There is no question that the old-world charm of the oil-rubbed bronze finish is what makes it one of the top three most popular finishes today when it comes to faucets or decorative hardware. It originally became popular during the early 1990’s, replacing Antique Brass as the finish de rigueur in traditional style décor. Part of the charm and what made it so popular was its “Living Finish” characteristic.
A living finish is what occurs when you have any metal (except stainless steel) that is not lacquered or protected by any other process. The finish will continually evolve through exposure to the elements, also called an oxidation process, which varies in different metals. In Copper you may see a green patina, or verdi gris. In the case of Oil-Rubbed Bronze, a lightening effect occurs in the areas where it comes in contact with the human hand, such as the faucet handle or a door knob. This is precisely its charm, the fact that it will acquire a “broken in” appearance within a relatively short period of time.
In the mid 1990’s the PVD (physical vapor deposition) technology was developed. PVD is a high tech process where the finish is applied inside a vacuum chamber; a base solid material is introduced into the chamber and vaporized to an atomic level. It then attaches itself to target surface in a thin film and becomes a solid material again. The difference between regular electroplating and the PVD process is that once the substrate becomes solid it actually becomes a part of the target surface as opposed to just a coating. In other words, if the surface is scratched it would not break the surface but when examined microscopically it appears to be dented. This process allows some plumbing and door hardware manufacturers to be able to offer a lifetime warranty.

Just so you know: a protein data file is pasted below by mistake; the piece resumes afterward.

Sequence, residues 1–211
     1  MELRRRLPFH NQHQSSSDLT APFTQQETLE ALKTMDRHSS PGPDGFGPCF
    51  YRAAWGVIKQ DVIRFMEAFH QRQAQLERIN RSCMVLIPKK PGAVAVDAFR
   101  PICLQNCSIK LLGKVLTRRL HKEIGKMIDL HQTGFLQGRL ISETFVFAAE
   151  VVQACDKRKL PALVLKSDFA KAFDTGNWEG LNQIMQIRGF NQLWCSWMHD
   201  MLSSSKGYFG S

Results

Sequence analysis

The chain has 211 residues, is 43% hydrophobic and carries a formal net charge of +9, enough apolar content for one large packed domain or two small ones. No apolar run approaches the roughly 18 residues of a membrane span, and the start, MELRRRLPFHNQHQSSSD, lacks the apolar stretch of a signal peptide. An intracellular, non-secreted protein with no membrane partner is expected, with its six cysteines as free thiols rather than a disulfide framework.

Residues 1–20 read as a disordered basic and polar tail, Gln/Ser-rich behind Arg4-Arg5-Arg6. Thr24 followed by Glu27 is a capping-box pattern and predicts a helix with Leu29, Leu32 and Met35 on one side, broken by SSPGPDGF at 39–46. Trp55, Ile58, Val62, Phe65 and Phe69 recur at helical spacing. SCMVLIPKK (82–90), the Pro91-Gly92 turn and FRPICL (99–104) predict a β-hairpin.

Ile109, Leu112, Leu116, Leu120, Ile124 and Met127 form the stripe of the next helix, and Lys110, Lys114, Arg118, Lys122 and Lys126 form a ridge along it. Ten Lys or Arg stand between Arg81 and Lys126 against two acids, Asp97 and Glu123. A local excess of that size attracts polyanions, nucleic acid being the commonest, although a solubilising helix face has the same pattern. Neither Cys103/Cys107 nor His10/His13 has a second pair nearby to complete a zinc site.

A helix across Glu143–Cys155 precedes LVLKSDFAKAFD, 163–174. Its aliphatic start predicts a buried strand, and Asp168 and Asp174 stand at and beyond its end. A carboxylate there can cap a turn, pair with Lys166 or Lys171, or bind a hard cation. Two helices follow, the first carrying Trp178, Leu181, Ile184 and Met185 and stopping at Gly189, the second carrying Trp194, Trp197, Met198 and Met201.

In the case of Oil-Rubbed Bronze the PVD process is very challenging. Its lack of consistency is an issue very prevalent in Oil-Rubbed Bronze, and certainly aggravated in the PVD process. Its color variations may go from a light grayish brown color to a dark brown (almost Black) tone. In a specific case, a Taiwanese manufacturer accidentally ended up with a gun-metal color when trying to develop a PVD Oil-Rubbed Bronze finish during the trial and error process. They actually decided introduced this finish for their line of products.
In closing, the question is do you prefer a Living Finish? With its ever changing tonality, or do you prefer the stable and everlasting look of the PVD Oil-Rubbed Bronze? If you ask me, I would choose the living finish, after all that’s where its charm lies.